Its in The Oxbow! Darn! It’s a noxious weed, an invasive species that has no right to be here.
This plant is extremely difficult to eradicate and it’s taken a foothold all around the Oxbow, even onto private property. It spreads primarily by seed (transported by wind, water, animals, humans, or as a soil contaminant), stem fragments, and by shoots sprouting from its system of rhizomes.
PREVENTION & CONTROL
As with most invasive plants, Japanese knotweed can quickly inhabit disturbed ecosystems. One of the best ways to prevent its colonization is to ensure that disturbed habitats are rehabilitated with native vegetation before knotweed can invade.
Single young plants can be pulled by hand depending on soil conditions and root development. If all of the root system isn’t removed, re-sprouting can occur. For small initial populations beyond single plants, or in environmentally sensitive areas where herbicides cannot be used, grubbing with a pulaski or similar tool to remove all of the roots after cutting back the standing vegetation can be an effective control measure. All parts of the removed plants should be bagged and disposed of in a secure location. It is best if knotweed not be mown or cut with weed trimmers as the pieces of the plant can easily get moved around and re-sprout, spreading, rather than controlling the plant.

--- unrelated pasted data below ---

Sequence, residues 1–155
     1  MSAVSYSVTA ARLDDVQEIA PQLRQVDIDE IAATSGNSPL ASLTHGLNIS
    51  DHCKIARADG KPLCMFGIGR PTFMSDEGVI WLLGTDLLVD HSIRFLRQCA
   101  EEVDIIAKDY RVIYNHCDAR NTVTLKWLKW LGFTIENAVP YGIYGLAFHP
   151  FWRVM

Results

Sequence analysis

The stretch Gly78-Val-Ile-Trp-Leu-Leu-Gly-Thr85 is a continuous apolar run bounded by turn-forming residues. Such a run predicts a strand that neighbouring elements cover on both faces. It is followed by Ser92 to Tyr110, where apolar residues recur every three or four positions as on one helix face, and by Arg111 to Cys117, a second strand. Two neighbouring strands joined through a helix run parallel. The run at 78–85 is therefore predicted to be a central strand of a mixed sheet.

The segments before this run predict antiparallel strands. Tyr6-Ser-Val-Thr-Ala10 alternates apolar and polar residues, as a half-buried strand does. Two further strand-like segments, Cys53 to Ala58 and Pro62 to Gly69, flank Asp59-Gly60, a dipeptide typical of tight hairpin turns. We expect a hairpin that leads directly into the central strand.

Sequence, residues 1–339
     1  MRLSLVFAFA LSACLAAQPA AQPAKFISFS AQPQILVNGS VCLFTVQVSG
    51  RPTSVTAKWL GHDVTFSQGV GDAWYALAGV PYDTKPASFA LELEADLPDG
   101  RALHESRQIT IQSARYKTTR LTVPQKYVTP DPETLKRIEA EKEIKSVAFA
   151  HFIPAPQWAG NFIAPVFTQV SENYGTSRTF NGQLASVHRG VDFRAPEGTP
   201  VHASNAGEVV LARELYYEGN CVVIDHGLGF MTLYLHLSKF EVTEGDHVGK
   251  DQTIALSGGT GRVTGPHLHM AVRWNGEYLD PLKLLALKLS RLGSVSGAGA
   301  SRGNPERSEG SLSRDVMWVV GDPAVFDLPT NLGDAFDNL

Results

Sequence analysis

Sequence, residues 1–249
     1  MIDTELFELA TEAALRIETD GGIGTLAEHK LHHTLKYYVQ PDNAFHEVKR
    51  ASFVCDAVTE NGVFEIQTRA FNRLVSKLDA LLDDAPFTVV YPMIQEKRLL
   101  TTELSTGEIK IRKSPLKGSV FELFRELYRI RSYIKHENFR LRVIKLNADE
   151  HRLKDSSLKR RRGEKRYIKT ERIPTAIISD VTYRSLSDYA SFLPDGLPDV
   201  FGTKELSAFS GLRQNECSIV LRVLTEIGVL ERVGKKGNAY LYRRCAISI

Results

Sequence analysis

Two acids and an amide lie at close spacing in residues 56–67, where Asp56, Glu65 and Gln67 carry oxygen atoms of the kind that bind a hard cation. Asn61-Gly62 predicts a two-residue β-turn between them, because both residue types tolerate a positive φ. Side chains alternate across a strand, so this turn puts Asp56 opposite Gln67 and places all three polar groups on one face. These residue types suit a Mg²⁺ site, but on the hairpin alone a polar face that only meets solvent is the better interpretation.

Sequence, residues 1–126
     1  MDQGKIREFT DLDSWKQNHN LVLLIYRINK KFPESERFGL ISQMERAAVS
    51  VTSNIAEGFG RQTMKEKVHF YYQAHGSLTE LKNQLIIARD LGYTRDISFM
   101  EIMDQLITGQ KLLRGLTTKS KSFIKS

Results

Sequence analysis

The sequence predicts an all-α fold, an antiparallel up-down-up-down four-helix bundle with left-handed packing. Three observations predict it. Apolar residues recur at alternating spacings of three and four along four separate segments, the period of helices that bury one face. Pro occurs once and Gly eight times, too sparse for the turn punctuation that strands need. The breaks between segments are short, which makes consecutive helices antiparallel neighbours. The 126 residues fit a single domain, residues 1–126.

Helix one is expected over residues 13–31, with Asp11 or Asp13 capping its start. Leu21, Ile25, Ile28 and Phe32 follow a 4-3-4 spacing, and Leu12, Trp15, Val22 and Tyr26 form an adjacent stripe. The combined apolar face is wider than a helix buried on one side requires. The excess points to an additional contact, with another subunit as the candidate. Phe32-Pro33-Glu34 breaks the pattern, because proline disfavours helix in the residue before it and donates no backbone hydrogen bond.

Chemical controls for Japanese knotweed include application of glyphosate and triclopyr herbicides to freshly cut stems or to foliage. Before using chemicals to control any invasive plant, check with your local environmental or natural resources management agency or Cooperative Extension office to find out what chemicals are legal for use on knotweed in your area.
If you have Japanese Knotweed on your land, please visit this page.